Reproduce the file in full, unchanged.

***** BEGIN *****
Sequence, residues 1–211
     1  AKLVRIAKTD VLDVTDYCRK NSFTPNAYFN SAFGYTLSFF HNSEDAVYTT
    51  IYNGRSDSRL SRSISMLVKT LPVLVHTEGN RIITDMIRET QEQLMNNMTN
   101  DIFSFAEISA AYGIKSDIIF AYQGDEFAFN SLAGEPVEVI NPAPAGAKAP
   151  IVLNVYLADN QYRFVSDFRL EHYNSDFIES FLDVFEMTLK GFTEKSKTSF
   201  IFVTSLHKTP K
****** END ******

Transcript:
Sequence, residues 1–211
     1  AKLVRIAKTD VLDVTDYCRK NSFTPNAYFN SAFGYTLSFF HNSEDAVYTT
    51  IYNGRSDSRL SRSISMLVKT LPVLVHTEGN RIITDMIRET QEQLMNNMTN
   101  DIFSFAEISA AYGIKSDIIF AYQGDEFAFN SLAGEPVEVI NPAPAGAKAP
   151  IVLNVYLADN QYRFVSDFRL EHYNSDFIES FLDVFEMTLK GFTEKSKTSF
   201  IFVTSLHKTP K